Performance, as an embodied encounter, between people of different cultures occupies a crucial position within the processes of recognition and misrecognition of the other. In the context of colonized peoples, dramas written for performance in effect act as a map for representations and communication. In Australia, performance has been a pivotal point of encounter between Aboriginal and non-Aboriginal people. Historical aboriginal cultures are probably the most performance based in the world. Explicitly choreographed performances marked every aspect of social, political, and spiritual life, ranging from judicial, religious, diplomatic, and pedagogical practices to hundreds of genres of performances for entertainment. These performances combined dialogue, poetry, mime, song, dance, musical accompaniment, and visual art. As a central and striking feature of Aboriginal cultures, these practices were a crucial point of cross-cultural exchange from the first European colonial settlements in the late eighteenth century.
Throughout the nineteenth century Aboriginal people created and performed shows for the European settlers for a variety of reasons, including proclaiming Aboriginal sovereignty of the land, communicating their culture to the settlers, and engaging with the settler economy. Examples of the creation and performance of these shows are numerous. In his 1865 publication, The Aborigines of Australia, Gideon Lang recounted a performance text from the early 1840s (28–29). Lang, a settler who migrated to Australia in 1841, brought together various accounts of a diplomatic event that occurred in Queensland: Bussamarai, a leader of the Mandandanji people, invited the leading settlers to watch a performance that was intended to communicate their fate if they did not leave the area.
Depictions of race and gender stereotypes abound in various areas of Australian Aboriginal literature. This literature usually addresses the writers' responses to the injustice done to Aboriginal people by whites and the blatant racism that creeps into Australian society even today. Given the seriousness of these depictions, Aboriginal writers have seldom employed humor, making it a rather unexplored field in Aboriginal literature and criticism. Recently, though, an increasing number of Aboriginal authors have addressed issues of social injustice and racism by creating humorous situations that help readers recognize white Australians' immoral behavior. Memoirs by Kenny Laughton (Not Quite Men, No Longer Boys ), Robert Lowe (The Mish ), and Mabel Edmund (No Regrets ), novels by Mudrooroo (Doctor Wooreddy's Prescription for Enduring the Ending of the World , Doin Wildcat ), poetry by Samuel Wagan Watson (Of Muse, Meandering, and Midnight ), and plays by Kevin Gilbert (The Cherry Pickers ) and Jack Davis (No Sugar , The Dreamers ) are some of the genres in which Aboriginal authors have used humor. Leon Rappoport, a critic who writes on humor and stereotypes, praises those who address “sexual, racial, and other forbidden topics … by situating them in the context of humor, [because] the tensions that are aroused can be released as laughter” (50). Triggering an instant and natural reaction from readers, humor attracts a wide variety of audiences to Aboriginal literature because it presents the absurd and vicious nature of stereotypes, teaches lessons about the creativity of Aboriginal people, and suggests that hope and optimism characterize Aboriginal life.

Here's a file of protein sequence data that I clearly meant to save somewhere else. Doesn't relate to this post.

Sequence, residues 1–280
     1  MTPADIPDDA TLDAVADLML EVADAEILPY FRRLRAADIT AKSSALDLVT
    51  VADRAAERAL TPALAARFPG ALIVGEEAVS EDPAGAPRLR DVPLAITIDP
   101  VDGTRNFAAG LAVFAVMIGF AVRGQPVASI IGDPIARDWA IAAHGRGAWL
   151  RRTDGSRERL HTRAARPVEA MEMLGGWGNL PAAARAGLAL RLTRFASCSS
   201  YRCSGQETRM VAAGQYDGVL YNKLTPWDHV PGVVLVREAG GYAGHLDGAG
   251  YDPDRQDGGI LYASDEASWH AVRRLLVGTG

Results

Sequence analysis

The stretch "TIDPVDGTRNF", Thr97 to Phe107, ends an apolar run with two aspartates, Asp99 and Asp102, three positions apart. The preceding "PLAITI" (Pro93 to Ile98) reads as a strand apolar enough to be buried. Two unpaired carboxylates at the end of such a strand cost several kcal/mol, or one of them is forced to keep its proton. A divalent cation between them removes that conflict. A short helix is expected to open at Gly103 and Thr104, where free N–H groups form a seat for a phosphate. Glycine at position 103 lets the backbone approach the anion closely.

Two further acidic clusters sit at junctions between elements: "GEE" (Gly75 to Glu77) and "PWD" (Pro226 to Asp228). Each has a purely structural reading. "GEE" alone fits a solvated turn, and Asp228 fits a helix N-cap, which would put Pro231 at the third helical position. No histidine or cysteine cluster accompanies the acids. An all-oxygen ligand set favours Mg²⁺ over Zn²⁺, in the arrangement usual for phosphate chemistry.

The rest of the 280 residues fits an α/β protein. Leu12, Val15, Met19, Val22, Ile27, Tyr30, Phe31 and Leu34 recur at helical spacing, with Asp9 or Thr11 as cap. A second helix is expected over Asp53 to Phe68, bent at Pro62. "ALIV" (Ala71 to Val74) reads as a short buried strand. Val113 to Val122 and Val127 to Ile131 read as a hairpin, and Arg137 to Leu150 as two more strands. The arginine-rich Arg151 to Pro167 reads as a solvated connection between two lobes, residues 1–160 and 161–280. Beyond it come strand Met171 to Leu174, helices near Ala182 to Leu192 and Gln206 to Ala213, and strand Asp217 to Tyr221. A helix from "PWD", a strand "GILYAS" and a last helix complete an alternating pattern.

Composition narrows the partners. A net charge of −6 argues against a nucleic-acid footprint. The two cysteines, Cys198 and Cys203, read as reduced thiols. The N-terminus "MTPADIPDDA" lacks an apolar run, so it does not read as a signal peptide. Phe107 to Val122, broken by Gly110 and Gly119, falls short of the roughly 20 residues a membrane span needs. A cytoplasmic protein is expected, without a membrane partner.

Aboriginal poetry enjoyed a tremendously rapid evolution during the latter half of the twentieth century. In 1964, Oodgeroo Noonuccal published We Are Going, the first book of poetry by an Aboriginal author. Since the 1970s, poetry has been at the forefront of Aboriginal political expression. poets like Noonuccal, Kevin Gilbert, and Lionel Fogarty have used the medium to forge new possibilities for the expression of contemporary Aboriginal thought. At the beginning of the twenty-first century, established poets like Fogarty and emerging talents like Samuel Wagan Watson and Ali Cobby Eckermann are some of the most widely read and exciting poets in Australia. However, while these poets are gaining increased attention, their position within Western critical discourse remains somewhat awkward. Literary critics have seldom rigorously engaged with oral Aboriginal poetry, thereby failing to acknowledge the extensive indigenous cultural heritage of contemporary Aboriginal writers. instead, musicologists and anthropologists have been left to research oral Aboriginal poetics, but within an empirical framework that generally denudes the songpoems of their poetic qualities. Consequently, there is an enormous lacuna in Australian literary studies about the relationship of contemporary Aboriginal poetry to traditional forms of songpoetry. This relates to a larger, more willful ignorance of the relationship between the voice of the poet and the text that is printed on the page. I will argue in this essay that to separate these two modalities is to deny the importance of much of the Aboriginal poetic tradition.